For investors, the developments served as yet another stark reminder that the pandemic is far from over. Asian markets closed mostly in the red, with Hong Kong’s Hang Seng Index shedding nearly 2.9 percent. European markets also fell sharply, with France’s CAC 40 index sliding 2 percent, the Pan-European Stoxx 600 dropping 1.8 percent and the German Dax losing 1.7 percent.
“Global markets have chosen today to price in the dawning realization that COVID isn’t nearly done damaging lives and economies,” Danni Hewson, a financial analyst with AJ Bell, said in commentary Thursday. “Case numbers are rising and it doesn’t matter how loudly politicians shout about ‘recovery’ and relaxation of restrictions there is a very real possibility that living with this disease will require a few more U-turns.”
The Dow Jones industrial average had tumbled as much as 536 points before cutting some losses. It ended the day down 259.86 points, or 0.8 percent, at 34,421.93.
The S&P 500 fell 37.31 points, or 0.9 percent, to end the session at 4,320.82. The tech-heavy Nasdaq composite index dropped 105.28 points, or 0.7 percent, to settle at 14,559.79. Both indexes had notched record highs the day before.
Companies whose fates are heavily tethered to the recovery also saw their shares waver: Carnival stock was down 1.5 percent after recovering some ground, and United Airlines fell 1.3 percent. Big banks, such as JPMorgan Chase, and chipmakers Nvidia and Qualcomm also flashed red.
Jitters extended to cryptocurrency markets, where bitcoin tumbled 4.6 percent to roughly $33,041. Bitcoin has taken a beating in recent weeks amid China’s crackdown on cryptocurrency mining and trading.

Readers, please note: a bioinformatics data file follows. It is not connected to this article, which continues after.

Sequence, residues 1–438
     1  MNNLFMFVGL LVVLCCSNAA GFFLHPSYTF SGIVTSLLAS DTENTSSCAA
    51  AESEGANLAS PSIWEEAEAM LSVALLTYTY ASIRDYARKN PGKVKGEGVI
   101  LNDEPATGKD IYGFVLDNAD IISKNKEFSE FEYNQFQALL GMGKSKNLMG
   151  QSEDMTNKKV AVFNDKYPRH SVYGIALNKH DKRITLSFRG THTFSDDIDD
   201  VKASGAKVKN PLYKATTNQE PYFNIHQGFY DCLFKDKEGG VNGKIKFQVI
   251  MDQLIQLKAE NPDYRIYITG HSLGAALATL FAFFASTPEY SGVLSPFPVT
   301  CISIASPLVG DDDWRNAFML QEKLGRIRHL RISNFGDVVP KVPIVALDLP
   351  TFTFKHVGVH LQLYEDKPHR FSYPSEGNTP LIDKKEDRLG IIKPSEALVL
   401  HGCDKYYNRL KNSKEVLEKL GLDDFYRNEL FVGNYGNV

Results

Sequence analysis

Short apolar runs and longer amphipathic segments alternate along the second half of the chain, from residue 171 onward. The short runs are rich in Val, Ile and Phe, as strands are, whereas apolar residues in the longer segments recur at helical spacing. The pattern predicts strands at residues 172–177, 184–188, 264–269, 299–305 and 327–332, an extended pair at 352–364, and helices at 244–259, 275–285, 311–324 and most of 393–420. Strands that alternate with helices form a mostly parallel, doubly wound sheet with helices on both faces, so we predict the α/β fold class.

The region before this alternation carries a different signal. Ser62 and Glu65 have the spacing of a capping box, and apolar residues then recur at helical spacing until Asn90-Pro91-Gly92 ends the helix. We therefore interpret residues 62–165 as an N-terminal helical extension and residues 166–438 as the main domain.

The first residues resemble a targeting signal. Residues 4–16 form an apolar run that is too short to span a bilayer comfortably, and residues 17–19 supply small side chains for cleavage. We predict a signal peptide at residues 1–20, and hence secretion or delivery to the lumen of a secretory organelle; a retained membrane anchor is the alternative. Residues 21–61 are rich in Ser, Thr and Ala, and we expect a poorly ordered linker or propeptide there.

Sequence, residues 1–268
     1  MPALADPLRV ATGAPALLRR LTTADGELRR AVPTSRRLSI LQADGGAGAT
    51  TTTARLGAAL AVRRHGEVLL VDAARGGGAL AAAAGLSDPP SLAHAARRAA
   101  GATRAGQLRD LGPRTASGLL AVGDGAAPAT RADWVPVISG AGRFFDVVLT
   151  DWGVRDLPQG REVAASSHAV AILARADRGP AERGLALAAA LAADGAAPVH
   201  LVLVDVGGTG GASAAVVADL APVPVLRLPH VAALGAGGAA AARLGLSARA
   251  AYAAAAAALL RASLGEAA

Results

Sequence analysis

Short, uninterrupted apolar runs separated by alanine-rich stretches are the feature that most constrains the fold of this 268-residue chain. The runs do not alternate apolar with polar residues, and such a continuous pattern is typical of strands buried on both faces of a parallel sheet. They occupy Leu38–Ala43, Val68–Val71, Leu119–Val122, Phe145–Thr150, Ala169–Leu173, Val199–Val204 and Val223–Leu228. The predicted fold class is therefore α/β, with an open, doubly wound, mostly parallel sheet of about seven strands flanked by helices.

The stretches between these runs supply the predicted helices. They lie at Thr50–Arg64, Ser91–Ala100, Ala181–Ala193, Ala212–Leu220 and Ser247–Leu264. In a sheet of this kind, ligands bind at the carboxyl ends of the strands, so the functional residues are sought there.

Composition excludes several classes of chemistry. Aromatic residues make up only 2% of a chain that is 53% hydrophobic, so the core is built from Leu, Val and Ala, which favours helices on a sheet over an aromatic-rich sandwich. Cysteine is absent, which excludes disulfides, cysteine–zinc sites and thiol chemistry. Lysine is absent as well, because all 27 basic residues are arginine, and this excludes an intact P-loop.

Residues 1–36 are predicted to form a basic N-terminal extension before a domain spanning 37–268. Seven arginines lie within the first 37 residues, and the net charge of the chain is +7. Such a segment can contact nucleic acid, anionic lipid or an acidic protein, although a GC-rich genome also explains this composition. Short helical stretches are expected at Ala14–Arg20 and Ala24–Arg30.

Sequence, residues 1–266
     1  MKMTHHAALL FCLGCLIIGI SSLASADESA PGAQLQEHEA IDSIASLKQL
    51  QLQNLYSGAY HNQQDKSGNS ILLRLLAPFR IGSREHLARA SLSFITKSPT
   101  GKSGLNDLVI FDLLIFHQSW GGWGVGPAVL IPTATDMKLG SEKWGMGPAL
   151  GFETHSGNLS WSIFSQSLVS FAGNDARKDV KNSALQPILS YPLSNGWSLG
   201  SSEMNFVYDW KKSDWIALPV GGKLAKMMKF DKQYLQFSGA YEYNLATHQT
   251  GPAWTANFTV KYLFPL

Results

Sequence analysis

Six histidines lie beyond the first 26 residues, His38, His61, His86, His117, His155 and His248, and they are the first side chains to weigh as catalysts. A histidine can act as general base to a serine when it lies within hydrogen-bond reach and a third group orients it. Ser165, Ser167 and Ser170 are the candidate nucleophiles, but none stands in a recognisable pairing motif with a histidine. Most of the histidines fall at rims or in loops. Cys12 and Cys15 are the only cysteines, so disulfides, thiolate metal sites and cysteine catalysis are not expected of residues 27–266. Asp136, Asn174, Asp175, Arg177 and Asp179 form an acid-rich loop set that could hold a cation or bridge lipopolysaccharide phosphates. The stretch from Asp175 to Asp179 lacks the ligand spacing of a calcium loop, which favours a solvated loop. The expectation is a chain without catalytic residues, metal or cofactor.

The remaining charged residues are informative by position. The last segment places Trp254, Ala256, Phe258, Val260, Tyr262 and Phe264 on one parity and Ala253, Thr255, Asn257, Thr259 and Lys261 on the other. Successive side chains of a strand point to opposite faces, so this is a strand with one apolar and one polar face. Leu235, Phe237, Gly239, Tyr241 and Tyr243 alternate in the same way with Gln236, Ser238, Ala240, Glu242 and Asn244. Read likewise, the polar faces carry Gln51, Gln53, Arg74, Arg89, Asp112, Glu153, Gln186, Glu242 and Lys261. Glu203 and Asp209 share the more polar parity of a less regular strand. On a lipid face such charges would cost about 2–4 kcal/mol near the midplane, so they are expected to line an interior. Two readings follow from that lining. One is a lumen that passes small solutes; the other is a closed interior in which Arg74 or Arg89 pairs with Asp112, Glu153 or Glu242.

“The mood in the markets is starting to sour,” Sophie Griffiths, market analyst with Oanda, wrote in commentary Thursday. “Concerns over the health of the economic recovery are denting risk sentiment and hitting demand for stocks even as the Federal Reserve moves towards tapering asset purchases.”
An unexpected increase in weekly jobless claims stirred more concerns about the recovery. An estimated 373,000 Americans filed initial unemployment claims last week, the Labor Department reported Thursday, up about 2,000 from the previous week. Economists had projected a modest decline.
Though Thursday’s figures are significantly lower than they were this time last year, they are also a long way from the 256,000 recorded pre-pandemic.
In the United States, the labor market remains a chief concern: Job openings are at a record high according to the Labor Department, which reported more than 9.2 million open positions at the end of May as employers struggle to find workers amid a rush in summer business activity.
“Fresh job losses are not the major issue that they were earlier in the pandemic,” Mark Hamrick, senior economic analyst at Bankrate, said in commentary earlier this week. “Of more concern at present is the still heightened level of unemployment, the dampened level of labor force participation and continuing challenges for employers who want to add workers.”
The 10-year U.S. Treasury sank to its lowest level since February on Thursday as investors sought shelter from volatility, before ticking slightly higher to 1.29 percent. Bond yields move inversely to prices.
“The sharp drop in yields reflects the market’s concern that the Fed will begin tapering soon and that the removal of liquidity from the system will create volatility and a rush out of risk assets (like equities) and toward safe havens (like government bonds),” Chris Zaccarelli, chief investment officer for Independent Advisor Alliance, wrote in commentary Thursday.
Gold, another investor safe haven, rose nearly 0.8 percent to about $1,817 an ounce.
Fears that the pandemic will hamper global travel pushed oil markets lower, with Brent crude, the international oil benchmark, dipping 0.1 percent to $73.34 a barrel. West Texas intermediate crude, the U.S. benchmark, fell 0.3 percent to $71.97.
Hugh Johnson, chairman and head of investment strategy at Hugh Johnson Advisors, told Yahoo Finance that Thursday’s declines were a minor setback: “I still think it’s a bull market. It has further to go.”